The term bean counter is often used negatively to describe an overly zealous or fastidious accountant, although other financial comptrollers may also fit the description. While an accountant might be asked to perform a thorough inventory of his or her company's assets, only a bean counter would literally count the number of beans contained in the company kitchen's pantry. Such a person may also scrutinize each department's budget to find any form of potential waste, no matter how insignificant or nominal it appears to be. Project managers often fear this type of accountant, since budget cuts and lengthy audits could follow close behind.
The phrase has only been in the public arena since the 1970s, although it sounds as if it should be of a much older origin. Few sources even speculate on the selection of beans as the object of such a laborious count. It is possible that the description was inspired by overzealous kitchen inventory takers who insisted on counting every bean in a bag or every potato in a sack. The act of counting every bean to the exclusion of more important duties would be viewed by many as the ultimate act of micromanagement. The term may have entered the popular vernacular through the commercial or military food industries, where strict inventory controls are common.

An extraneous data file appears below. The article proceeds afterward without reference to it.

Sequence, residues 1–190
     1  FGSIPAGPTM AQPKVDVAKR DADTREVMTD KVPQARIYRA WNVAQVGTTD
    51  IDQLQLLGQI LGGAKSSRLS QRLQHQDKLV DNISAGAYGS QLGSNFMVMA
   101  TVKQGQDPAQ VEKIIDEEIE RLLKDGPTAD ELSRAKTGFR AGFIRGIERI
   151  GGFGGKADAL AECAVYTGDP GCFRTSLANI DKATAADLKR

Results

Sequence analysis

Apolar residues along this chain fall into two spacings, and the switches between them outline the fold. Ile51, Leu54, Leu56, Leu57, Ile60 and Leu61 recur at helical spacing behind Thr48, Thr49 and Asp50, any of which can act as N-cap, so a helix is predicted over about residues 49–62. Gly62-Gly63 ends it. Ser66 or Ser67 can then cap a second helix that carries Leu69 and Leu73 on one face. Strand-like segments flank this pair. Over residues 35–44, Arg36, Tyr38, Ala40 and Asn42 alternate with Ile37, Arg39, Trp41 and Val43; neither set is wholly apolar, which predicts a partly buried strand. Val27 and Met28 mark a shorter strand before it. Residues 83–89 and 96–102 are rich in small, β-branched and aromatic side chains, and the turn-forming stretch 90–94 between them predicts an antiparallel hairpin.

When the term was first used, bean counters were financial comptrollers and accountants who showed an abnormal amount of interest in even the smallest details of a company's finances. Originally, almost anyone employed in accounting fields was informally described this way, with little to no pejorative meaning attached. Indeed, many professional accountants and comptrollers proudly refer to themselves with this name.
In recent years, however, the title has not exactly been a positive one for accountants. An increasing number of people hold financial professionals responsible for the dismantling or cancellation of programs due to budgetary concerns. Whenever a cost overrun is detected or a budget limit is exceeded, it is usually a bean counter who notices it first. This ability to mothball a multi-million dollar project over budgetary concerns can lead to some friction between project managers and the company's financial watchdogs. Sometimes, an accountant needs to know when it's appropriate to report a shortage of beans and when it's better to learn to live without them.